When I was in college, I wanted to be a lawyer. I majored in English and Political Science and took the LSAT my senior year. And when it came time to start applying to law schools, I realized I had no desire to go. I’d prepared for 22 years to go to law school… and then I wasn’t. You’ve probably heard this before. I graduated, worked on Kentucky’s gubernatorial campaign, traveled to consult on other campaigns, and then worked for a politician. Then a bank. Then I landed my current job.
A couple of months ago, my boss asked if I’d be interested in another position at my company. I told her I wasn’t sure – would I still be able to write? The new position would not include writing. I asked if I could do both (as if I had the time). I thought taking the new position would help with my career, especially since we eventually want to move. But after it didn’t work out, I realized I would have been miserable.
I ran into one of my elementary school teachers some time ago and when she asked what I was doing, I told her I was a technical writer. She said, “of course! You always loved writing.” I didn’t realize that in the midst of my stumble, I was finding my passion.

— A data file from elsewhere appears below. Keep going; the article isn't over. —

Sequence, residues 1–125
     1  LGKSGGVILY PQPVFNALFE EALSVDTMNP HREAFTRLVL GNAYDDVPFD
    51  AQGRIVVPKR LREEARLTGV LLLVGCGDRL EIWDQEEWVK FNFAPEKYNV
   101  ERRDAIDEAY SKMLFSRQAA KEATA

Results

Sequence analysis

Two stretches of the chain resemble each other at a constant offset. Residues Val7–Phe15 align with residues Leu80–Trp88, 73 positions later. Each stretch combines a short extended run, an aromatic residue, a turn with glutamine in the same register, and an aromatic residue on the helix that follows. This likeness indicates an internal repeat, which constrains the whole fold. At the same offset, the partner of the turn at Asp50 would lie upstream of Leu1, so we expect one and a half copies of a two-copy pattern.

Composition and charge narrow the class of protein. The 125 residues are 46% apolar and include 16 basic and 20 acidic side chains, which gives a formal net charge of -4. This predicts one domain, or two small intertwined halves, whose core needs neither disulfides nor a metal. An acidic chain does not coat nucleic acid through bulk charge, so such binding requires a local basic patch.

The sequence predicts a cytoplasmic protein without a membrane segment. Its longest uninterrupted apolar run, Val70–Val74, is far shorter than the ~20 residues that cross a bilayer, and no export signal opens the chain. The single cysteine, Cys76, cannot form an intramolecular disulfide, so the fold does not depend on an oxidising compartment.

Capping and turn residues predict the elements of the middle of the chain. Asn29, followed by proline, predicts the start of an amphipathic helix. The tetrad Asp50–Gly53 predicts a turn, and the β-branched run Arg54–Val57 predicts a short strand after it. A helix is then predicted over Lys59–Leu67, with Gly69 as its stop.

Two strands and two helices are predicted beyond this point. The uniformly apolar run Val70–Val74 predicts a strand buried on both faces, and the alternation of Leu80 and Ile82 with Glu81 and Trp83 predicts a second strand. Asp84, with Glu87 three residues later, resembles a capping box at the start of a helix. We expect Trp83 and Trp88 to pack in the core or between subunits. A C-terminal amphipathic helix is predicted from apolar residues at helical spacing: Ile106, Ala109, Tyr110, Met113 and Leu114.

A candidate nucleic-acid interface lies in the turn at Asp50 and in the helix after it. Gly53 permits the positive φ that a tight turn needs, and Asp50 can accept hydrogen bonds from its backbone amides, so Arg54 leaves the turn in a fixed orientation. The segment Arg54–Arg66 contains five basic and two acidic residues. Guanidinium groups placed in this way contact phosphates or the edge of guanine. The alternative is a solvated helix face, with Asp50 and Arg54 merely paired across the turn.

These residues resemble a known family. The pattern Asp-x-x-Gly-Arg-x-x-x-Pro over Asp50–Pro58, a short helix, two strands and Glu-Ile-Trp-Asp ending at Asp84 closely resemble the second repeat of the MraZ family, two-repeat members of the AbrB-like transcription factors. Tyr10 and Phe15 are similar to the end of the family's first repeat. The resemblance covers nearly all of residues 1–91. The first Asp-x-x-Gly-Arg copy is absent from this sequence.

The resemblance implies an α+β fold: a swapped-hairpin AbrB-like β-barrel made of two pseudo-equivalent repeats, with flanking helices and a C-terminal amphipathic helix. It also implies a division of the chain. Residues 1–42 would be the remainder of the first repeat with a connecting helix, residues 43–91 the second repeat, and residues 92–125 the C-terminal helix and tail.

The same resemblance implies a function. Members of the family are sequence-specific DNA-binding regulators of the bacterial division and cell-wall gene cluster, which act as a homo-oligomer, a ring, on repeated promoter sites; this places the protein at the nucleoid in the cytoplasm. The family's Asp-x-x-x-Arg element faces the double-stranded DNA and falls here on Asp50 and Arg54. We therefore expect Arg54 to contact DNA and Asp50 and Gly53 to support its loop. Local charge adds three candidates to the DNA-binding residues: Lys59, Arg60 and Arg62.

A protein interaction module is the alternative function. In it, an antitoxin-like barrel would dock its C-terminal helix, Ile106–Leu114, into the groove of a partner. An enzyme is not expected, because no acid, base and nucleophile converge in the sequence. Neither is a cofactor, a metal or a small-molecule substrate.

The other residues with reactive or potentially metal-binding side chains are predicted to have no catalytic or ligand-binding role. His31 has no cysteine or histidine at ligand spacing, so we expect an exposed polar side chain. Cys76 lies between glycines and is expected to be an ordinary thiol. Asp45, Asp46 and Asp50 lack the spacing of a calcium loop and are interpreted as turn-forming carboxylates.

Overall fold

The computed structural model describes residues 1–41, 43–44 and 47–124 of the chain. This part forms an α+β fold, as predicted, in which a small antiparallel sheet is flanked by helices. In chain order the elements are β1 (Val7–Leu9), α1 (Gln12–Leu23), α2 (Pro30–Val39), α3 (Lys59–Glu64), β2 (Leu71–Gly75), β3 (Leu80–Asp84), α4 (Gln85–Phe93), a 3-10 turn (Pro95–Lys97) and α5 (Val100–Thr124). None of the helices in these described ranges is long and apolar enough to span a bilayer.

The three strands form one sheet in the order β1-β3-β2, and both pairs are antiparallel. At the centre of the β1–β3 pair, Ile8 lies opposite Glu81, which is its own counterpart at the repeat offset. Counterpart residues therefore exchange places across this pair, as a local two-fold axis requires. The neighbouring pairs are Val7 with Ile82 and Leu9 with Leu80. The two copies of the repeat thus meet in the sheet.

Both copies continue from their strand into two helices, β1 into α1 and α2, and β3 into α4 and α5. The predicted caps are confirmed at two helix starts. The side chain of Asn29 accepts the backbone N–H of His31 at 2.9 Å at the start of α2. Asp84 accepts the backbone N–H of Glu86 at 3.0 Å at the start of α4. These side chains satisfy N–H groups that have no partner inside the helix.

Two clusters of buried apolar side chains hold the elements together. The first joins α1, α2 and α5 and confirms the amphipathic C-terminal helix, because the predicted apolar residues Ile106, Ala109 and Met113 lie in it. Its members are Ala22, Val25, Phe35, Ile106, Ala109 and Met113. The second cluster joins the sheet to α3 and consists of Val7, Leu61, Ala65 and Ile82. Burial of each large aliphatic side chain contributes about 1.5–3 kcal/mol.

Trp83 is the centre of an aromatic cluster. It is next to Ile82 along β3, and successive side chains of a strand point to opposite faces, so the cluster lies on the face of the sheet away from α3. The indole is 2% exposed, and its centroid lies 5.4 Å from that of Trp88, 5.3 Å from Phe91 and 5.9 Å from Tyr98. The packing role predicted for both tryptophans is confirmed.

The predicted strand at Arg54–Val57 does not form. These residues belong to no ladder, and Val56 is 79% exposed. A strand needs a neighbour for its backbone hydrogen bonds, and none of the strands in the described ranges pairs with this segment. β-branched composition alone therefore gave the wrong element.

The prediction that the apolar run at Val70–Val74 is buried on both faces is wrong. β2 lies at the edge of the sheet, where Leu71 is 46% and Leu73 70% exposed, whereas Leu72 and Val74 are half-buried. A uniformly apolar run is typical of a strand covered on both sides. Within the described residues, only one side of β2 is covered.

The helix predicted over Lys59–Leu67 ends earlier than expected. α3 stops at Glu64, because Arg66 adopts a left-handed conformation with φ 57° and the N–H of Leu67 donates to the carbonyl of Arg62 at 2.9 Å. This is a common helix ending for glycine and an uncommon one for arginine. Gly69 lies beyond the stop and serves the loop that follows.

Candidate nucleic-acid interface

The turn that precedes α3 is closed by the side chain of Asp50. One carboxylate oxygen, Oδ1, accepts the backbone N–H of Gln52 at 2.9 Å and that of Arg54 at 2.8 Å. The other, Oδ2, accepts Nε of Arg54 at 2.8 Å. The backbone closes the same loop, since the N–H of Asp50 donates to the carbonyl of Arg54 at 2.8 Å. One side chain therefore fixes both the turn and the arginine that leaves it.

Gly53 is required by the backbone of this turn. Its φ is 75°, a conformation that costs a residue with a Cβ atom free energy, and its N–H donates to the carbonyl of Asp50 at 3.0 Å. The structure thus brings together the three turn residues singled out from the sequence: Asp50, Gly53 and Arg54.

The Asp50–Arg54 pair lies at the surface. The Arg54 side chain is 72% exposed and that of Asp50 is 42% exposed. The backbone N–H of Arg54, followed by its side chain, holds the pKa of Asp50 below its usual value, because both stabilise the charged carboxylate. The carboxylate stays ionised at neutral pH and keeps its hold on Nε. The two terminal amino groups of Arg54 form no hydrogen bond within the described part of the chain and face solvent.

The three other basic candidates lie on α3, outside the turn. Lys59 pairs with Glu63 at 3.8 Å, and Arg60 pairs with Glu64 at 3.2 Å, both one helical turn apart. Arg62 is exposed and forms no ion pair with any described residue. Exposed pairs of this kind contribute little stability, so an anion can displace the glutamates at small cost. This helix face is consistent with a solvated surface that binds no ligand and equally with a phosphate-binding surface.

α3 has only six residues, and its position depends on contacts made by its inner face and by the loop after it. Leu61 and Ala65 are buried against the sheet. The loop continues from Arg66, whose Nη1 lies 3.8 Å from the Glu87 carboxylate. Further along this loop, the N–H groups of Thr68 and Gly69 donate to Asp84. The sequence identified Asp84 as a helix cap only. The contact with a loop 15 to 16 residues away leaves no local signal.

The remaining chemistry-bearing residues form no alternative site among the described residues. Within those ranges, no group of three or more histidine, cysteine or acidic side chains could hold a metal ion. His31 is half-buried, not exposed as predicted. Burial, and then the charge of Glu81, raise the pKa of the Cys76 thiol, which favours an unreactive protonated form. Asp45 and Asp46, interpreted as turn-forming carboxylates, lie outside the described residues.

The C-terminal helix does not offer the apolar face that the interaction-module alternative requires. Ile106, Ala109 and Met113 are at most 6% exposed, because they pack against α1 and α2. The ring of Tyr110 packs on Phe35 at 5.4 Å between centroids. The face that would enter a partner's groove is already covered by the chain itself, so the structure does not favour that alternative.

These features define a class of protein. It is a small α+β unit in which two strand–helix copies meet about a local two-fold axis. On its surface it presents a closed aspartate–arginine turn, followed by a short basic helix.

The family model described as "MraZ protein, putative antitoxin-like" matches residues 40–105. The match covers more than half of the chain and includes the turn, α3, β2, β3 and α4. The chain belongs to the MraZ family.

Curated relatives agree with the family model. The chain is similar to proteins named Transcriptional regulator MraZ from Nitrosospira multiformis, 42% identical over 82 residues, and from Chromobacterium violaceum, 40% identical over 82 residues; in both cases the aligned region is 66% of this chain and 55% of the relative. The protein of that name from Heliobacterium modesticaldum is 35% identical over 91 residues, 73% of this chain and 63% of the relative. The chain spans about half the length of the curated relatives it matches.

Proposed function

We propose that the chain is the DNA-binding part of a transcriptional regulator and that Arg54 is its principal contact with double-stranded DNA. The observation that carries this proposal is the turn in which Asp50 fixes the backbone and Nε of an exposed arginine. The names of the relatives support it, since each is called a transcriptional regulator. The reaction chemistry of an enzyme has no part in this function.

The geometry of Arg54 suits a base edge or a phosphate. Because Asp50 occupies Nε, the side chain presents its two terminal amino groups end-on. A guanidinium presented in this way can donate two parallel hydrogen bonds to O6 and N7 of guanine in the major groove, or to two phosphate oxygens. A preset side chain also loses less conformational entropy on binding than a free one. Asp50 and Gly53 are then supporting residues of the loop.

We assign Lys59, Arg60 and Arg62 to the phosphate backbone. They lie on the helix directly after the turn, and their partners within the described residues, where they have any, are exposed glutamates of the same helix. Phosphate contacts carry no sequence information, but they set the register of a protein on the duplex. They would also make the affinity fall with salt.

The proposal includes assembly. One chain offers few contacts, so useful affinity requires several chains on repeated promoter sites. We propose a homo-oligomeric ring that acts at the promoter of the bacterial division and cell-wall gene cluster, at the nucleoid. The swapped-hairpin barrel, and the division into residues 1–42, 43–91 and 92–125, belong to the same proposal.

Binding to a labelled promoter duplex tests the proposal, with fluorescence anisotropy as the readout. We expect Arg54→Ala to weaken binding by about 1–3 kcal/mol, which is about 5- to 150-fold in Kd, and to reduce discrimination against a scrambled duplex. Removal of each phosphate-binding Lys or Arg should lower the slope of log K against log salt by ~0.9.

We can’t all work 9:00-5:00 doing what we love, right? I need insurance and to pay the bills and that always comes first. But it doesn’t mean you can’t find some time for your passion. That might look like blogging at midnight or 5:00 a.m. or rushing home at lunch when the lighting is right so you can snap some blog photos or furiously texting your sister after a work meeting to say that you have a brilliant idea for a side business and need her help. It doesn’t mean you can’t find time to get your real estate license or go back to college or get your GED or your MBA or learn Photoshop.
You can hate your career. You can hate where you work. You can stay at a job because it pays well or because it’s five minutes from home and lets you take off early on Friday afternoons. But if you’re not finding time for your passion, are you living your best life? You’re allowed to find out who you are and what you love, and it’s okay if it’s not the same thing it was at 22. It’s okay if you wake up at 50 and realize that you spent 30 years in a career you don’t love. There’s still time. But why wait that long? You owe it to yourself to find it now.
Have you found your passion? Or are you still searching?